I do not accept the argument that is posited by some that because these provisions have not been used with great frequency, that they do not have purpose. We have to be cautious to dismiss this just for that reason. There has to be a lot more than that. Clearly, these clauses should only be used in extremely extraordinary situations and we would expect and hope that if they were used, it would be an extremely rare occurrence. That unto itself is not enough to not support the bill.
I am, however, concerned with a couple of items and I they are items that we will have to explore at committee. One is oversight. We have to look at whether or not once every five years is an appropriate length of time under which to review this. We also have to look at the provision that would only have one of the Houses of Parliament review the bill.
We saw in this case, after the sunset clauses came, that the Senate did great work and was able to be very instructive with a number of recommendations that are now a key part of the bill and a key part of the debate. I would suggest that a review, perhaps, by both Houses of Parliament would also be appropriate.
I am concerned as well about the broader issue of oversight and particularly with how intelligence oversight is left right now. It would be inappropriate to have this debate without mentioning the fact that the government has completely ignored most of the key recommendations that came from Justice O'Connor, which were supported by Justice Iacobucci and were repeated by the RCMP Public Complaints Commissioner before he was let go because he criticized and did a good job. That is what the Conservatives do with people who do a good job of criticizing. These recommendations were repeated over and over again, saying that our security and intelligence services did not have adequate oversight, that it had led to major mistakes and that there was an incredible need to reform them.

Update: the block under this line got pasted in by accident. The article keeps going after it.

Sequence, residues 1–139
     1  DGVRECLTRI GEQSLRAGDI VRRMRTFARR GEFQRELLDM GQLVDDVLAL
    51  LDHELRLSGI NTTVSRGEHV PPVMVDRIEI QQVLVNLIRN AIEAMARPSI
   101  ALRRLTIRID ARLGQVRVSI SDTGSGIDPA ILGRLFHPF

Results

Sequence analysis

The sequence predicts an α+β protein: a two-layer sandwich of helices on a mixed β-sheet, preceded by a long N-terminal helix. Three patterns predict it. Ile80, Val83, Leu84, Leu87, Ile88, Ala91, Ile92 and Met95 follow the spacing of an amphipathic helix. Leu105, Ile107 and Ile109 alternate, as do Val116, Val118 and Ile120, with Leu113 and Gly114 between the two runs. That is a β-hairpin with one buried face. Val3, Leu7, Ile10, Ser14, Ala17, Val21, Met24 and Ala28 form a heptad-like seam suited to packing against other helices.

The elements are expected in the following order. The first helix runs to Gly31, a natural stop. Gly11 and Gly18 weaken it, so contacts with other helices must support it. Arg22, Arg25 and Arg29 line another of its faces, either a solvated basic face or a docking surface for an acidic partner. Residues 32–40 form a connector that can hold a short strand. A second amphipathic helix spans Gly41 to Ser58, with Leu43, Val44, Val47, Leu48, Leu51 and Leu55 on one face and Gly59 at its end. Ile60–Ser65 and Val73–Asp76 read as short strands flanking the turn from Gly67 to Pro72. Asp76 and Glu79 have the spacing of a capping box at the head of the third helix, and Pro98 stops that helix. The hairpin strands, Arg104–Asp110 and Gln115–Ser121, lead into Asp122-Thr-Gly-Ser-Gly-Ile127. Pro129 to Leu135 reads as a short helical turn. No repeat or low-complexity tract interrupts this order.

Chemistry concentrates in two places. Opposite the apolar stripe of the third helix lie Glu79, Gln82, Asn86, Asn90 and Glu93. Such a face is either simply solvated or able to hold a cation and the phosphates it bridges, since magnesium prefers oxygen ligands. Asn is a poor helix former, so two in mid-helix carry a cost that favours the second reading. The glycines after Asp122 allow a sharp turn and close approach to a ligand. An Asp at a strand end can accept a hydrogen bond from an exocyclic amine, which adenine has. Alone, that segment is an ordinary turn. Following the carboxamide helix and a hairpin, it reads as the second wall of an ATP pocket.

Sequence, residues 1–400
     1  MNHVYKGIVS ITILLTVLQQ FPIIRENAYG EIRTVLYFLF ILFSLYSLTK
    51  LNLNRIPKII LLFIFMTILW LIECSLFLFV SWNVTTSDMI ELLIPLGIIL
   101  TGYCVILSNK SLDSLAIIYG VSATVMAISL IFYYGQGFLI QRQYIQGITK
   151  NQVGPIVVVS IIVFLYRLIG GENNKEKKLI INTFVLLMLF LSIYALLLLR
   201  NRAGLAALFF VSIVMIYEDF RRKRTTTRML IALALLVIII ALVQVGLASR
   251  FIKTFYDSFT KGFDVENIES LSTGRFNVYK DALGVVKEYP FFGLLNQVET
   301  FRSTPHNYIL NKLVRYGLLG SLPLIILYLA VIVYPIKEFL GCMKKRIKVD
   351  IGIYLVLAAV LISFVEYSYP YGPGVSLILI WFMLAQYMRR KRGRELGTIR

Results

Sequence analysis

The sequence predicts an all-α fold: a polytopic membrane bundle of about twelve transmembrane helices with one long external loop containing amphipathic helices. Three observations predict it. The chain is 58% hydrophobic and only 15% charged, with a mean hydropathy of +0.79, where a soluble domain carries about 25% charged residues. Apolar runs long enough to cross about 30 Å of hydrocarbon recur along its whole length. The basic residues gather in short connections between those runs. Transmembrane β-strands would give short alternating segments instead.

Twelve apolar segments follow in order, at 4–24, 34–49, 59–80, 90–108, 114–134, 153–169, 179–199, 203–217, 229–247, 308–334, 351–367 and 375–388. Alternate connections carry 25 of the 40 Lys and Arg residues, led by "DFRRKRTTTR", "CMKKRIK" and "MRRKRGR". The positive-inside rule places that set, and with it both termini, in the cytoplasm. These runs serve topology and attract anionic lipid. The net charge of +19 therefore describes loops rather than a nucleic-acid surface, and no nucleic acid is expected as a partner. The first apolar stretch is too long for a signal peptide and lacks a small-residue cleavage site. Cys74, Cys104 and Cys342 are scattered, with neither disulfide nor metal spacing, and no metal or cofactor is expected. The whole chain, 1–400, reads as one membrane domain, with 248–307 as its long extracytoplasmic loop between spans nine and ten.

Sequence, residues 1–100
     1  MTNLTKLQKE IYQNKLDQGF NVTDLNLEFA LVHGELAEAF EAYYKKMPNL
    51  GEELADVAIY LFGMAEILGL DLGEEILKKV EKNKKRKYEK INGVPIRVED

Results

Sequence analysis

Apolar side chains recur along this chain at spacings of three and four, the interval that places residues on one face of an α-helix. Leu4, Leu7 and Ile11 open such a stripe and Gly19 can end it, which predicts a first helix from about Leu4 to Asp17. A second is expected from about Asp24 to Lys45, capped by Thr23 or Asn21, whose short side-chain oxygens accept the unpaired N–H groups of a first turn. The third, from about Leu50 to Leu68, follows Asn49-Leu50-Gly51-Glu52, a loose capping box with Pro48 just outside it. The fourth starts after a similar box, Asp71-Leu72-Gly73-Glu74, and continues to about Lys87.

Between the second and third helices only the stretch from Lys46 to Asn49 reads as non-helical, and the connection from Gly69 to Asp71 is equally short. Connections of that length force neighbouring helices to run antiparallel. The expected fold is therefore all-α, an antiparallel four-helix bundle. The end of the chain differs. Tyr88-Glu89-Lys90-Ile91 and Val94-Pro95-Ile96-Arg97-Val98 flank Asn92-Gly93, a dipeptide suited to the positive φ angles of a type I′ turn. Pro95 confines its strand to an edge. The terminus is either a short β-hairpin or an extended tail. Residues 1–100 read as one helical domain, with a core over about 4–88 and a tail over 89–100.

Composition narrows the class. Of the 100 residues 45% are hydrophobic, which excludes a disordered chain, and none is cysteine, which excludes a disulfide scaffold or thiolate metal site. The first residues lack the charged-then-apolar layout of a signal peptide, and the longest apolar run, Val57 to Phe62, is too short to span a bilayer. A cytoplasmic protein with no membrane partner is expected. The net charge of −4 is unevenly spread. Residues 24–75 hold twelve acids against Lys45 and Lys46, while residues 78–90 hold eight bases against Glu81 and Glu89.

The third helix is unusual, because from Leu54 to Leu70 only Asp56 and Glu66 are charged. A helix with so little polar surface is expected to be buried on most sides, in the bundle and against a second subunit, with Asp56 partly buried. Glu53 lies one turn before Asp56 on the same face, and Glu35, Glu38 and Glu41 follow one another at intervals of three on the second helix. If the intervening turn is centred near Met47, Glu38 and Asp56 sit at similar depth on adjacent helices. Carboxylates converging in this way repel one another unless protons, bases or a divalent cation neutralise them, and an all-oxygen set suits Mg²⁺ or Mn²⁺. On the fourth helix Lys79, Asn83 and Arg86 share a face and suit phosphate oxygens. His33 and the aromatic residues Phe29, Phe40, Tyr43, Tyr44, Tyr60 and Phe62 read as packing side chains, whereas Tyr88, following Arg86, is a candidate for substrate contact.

If we are going to proceed with giving additional powers on the one hand, how can we proceed without dealing with these problems of oversight? Just as an example, the RCMP public complaints commissioner, Paul Kennedy, and again, he was the public complaints commissioner, issued a great number of concerns about the fact that he could only investigate something if there was a complaint made to him. If he had concerns, he could not proactively investigate. If he wanted to get information, he could not compel that information. He could sort of ask, pretty please, for that information to be granted to him. If it moved outside of the RCMP, since most things involving intelligence are multi-agency and therefore involve many different departments, there was no ability for him to track that bouncing ball as it moved through different departments.